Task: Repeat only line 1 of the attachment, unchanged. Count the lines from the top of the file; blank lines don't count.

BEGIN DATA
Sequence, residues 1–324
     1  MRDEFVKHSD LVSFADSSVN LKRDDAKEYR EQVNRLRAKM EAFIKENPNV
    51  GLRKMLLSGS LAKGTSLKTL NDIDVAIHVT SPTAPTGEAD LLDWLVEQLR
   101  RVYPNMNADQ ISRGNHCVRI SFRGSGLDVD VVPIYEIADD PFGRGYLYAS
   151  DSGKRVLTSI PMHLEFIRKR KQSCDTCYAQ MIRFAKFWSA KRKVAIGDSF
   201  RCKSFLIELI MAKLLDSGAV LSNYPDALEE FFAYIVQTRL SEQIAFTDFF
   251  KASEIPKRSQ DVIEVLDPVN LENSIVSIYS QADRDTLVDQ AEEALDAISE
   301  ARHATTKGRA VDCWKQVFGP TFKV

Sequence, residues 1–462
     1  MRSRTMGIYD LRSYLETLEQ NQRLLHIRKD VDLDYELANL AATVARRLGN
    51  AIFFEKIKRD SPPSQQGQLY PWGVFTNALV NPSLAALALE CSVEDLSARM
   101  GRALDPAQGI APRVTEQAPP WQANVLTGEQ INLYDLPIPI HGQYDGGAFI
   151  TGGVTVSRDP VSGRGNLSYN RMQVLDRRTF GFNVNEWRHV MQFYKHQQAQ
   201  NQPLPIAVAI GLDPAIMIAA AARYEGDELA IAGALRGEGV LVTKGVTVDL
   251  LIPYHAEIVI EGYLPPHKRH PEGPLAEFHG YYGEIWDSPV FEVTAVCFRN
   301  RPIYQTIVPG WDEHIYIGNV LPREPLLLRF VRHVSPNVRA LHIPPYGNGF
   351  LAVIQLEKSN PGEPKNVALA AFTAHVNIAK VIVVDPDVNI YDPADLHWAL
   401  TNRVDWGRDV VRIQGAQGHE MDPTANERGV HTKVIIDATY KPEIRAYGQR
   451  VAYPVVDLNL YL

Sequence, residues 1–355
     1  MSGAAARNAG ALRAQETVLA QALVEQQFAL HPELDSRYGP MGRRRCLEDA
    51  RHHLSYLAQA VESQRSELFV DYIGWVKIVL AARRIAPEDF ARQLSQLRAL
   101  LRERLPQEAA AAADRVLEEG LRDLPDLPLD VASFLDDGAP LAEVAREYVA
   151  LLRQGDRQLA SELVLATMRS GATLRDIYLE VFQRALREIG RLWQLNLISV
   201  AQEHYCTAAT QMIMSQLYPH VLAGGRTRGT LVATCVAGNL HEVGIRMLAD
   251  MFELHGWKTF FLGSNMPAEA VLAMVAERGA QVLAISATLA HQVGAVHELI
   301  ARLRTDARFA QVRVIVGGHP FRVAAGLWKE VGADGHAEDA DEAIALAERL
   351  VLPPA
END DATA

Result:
Sequence, residues 1–324